The Ryobi Devour cordless sweeper has hit the scene with plenty of fanfare and also a little confusion. We’re here to break down what it is, what it isn’t, and how well it works. Of course, we’ll also see if it’s something that reaches into the Pro market.
So before we dive too deep into features, let’s go ahead and set the record straight on a couple of things. First of all, the Ryobi Devour is not a vacuum. The motor simply drives the brushes to act as a sweeper rather than a vac.
Second, the design might look familiar if you’re a fan of Hoover products. The Hoover Spinsweep has a nearly identical look with a smaller sweeping swath and larger capacity. The major difference lies in that the SpinSweep is a push sweeper, using the movement of the unit to spin the brushes.
With that out of the way, we’ll move onto the sweeper itself.
The transparent container holds up to 4.5 gallons of various debris. Since you can see through it, it’s easy to determine when you need to empty the canister.
The total width of the brushless covers 21 inches – the same as a quality push or walk-behind lawn mower. The nice thing is that the brushes come out further than the side of the housing to effectively collect along walls and get slightly underneath shelves and workbenches. Bumpers on either side ensure that you don’t scratch or mar up the wall you’re next to.
Twin Counter-Rotating Brushes
Two brushes counter rotate to the inside, pulling debris in like the mighty Sarlacc in the deserts of Tatooine. Not a Star Wars fan? That’s okay. It’s kind of like a teenage boy shoveling food in as fast as he can as your grocery bill rockets higher along with his metabolism. That is to say, if it’s in reach of the brushes, it’s going to be pulled in.
Two LED lights keep darker areas lit up so you can easily see whatever debris is in front of you.
The power button is conveniently located on the right side of the unit and is large enough to give a gentle kick to start up the Ryobi Devour. Not having to bend over is a major plus when it’s cleanup time at the end of the day.
The handle swings freely from front to back. While I was expecting something more like a mower style handle that locks in place, it’s pretty convenient once you get used to it. It adjusts to the height of the user with three pin detents to lock into. It also swings up to the front so you can store the Devour upright and out of the way.
For starters, you’ll need to adjust the height depending on the kind of floor you’re sweeping. Turn it to the left for smooth surfaces and increasingly to the right the rougher the surface is. Hard surfaces like concrete and wood are going to be the best bet. Carpet isn’t really what you want to run the Devour on.
You’ll notice during cleanup that the Ryobi Devour does kick up some dust. Keep in mind that it’s a sweeper, not a vacuum, so the goal is to collect larger debris that a vacuum may rebel against pulling in. If you need a dust-free floor, you’ll want to follow up with a vacuum like the Ryobi cordless shop vacuum.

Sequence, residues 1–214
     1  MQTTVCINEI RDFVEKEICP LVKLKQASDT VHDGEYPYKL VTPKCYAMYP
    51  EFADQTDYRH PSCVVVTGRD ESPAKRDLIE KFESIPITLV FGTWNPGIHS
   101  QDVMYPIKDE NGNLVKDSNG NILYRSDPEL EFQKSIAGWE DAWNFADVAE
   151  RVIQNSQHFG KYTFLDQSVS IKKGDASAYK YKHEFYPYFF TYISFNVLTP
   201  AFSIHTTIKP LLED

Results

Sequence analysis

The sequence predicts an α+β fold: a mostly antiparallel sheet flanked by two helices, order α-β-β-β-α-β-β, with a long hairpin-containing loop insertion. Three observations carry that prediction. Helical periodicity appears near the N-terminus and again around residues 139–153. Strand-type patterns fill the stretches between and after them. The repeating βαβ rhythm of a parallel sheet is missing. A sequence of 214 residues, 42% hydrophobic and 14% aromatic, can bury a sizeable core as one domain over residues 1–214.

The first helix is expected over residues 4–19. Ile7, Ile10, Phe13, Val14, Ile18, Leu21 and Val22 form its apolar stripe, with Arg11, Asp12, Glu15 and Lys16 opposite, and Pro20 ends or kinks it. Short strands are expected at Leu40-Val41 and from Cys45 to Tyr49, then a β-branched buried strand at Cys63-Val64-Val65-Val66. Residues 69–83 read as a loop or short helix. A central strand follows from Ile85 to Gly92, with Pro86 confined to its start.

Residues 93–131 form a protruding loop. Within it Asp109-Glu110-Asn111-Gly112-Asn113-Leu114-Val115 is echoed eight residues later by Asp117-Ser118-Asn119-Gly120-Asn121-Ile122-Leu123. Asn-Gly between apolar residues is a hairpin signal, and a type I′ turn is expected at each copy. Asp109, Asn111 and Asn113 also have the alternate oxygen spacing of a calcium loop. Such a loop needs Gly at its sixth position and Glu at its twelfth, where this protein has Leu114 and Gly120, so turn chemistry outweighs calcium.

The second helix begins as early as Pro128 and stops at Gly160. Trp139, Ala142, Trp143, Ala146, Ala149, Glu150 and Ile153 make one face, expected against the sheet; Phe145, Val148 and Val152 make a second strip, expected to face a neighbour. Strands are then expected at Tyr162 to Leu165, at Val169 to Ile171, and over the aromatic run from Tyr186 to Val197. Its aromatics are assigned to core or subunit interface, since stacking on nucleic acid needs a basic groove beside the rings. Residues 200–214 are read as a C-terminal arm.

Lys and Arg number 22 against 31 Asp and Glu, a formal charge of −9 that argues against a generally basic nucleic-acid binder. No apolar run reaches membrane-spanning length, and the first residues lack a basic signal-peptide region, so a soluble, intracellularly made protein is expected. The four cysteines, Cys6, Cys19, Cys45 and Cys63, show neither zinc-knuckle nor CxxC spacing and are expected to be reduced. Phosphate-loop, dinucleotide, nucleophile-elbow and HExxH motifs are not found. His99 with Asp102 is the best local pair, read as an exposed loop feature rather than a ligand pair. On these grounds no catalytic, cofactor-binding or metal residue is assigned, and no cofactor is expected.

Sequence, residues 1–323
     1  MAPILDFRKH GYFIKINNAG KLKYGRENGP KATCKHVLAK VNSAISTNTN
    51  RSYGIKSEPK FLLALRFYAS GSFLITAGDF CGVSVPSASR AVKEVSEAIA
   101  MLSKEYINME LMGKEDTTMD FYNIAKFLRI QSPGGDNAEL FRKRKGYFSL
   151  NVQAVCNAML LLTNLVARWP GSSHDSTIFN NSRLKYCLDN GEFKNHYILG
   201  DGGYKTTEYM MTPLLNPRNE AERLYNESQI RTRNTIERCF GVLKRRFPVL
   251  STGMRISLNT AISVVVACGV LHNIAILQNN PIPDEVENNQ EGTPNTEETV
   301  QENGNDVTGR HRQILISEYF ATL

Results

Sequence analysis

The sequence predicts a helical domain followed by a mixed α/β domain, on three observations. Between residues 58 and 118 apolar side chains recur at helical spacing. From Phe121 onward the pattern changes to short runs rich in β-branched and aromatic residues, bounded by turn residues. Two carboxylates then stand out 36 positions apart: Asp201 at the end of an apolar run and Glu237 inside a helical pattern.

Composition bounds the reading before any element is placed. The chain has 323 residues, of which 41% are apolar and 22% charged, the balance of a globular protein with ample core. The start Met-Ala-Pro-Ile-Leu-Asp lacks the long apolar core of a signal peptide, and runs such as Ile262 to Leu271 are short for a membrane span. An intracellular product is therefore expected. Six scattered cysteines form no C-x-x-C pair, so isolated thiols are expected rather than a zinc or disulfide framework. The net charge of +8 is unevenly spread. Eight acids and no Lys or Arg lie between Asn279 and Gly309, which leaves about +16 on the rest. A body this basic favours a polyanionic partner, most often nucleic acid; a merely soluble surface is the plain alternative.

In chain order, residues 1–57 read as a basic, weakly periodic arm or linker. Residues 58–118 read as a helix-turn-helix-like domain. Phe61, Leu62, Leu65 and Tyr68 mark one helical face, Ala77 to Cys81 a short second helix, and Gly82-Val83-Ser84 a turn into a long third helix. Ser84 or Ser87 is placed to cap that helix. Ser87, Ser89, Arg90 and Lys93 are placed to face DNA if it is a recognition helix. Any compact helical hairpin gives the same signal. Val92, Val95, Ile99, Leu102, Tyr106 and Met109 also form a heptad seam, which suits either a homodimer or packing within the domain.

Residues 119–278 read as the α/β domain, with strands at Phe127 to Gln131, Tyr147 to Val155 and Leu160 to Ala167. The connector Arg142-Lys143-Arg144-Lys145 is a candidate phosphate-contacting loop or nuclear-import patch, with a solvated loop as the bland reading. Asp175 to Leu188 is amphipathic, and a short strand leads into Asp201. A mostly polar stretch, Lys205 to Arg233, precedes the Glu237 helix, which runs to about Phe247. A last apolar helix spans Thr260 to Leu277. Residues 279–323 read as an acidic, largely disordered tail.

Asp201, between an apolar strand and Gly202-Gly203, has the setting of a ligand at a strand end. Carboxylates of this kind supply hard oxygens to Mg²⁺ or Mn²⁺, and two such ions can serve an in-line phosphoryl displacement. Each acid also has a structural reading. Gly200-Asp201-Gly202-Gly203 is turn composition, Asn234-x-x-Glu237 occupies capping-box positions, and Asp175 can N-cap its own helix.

As far as what the Ryobi Devour can collect, there’s a lot on the menu. We collected nails, screws, sawdust, wood chips, drywall dust and chunks, chunks of wood, and even tape measures. It’s pretty impressive what you can collect. Of course, the larger the debris, the more often you’ll need to empty the canister.
Movement is easy thanks to three casters that all spin 360°. The two in the front angle and one in the back helps make those tight turns. While you can do a lot of spinning, your best pickup in moving straight forward. As you turn, the outside brush won’t be able to pull debris in as effectively.
Since the Ryobi Devour isn’t a vacuum, runtime is much higher than a cordless vacuum or blower. Much longer. According to Ryobi, a 4.0 Ah battery will power the Devour better than two hours. In our testing, it ran for 2 hours and 50 minutes at the middle floor setting. That’s enough time to sweep the shop, all the tile in the house, and all the porches on a big house. Twice.
Price and Value
The Hoover SpinSweep still sells for over $100 at Home Depot. Karcher has a push sweeper that’s similar in design for a little under $140. So how much will you have to fork out for a cordless version? How does $139 sound?
If you’re already on the Ryobi battery platform, that’s a win. If you’re not, you’re looking at $119 for a 4.0 Ah battery and charger starter pack or $139 for a multi-port charger and 4.0/2.0 Ah two battery starter pack. Either way, it’s an extra chunk to add to your initial cost. On the other hand, it unlocks Ryobi’s 18V One+ platform that has a ton of great lifestyle products, even if you don’t need their power tools.
The Bottom Line
If you keep in mind from the outset that the Ryobi Devour is a cordless sweeper rather than a vacuum, you’re in for a treat when it comes to cleaning up the shop. It’s easy enough for a child to operate and maneuver, picks up a wide range of debris, and runs longer than most anyone will care to spend sweeping. Does it branch out into the Pro market?
Yes, but if what you’re looking for is a dust-free floor and not just one that’s picked up, you’ll need to follow behind the Devour with a vacuum.
Ryobi Devour Cordless Sweeper Specifications
- Model: Ryobi P3260
- Power Source: Ryobi One+ 18V battery
- Swath: 21″
- Weight: 17.5 lbs.
- Capacity: 4.5 gallons
- Warranty: 3 years
- Price: $139 (bare tool)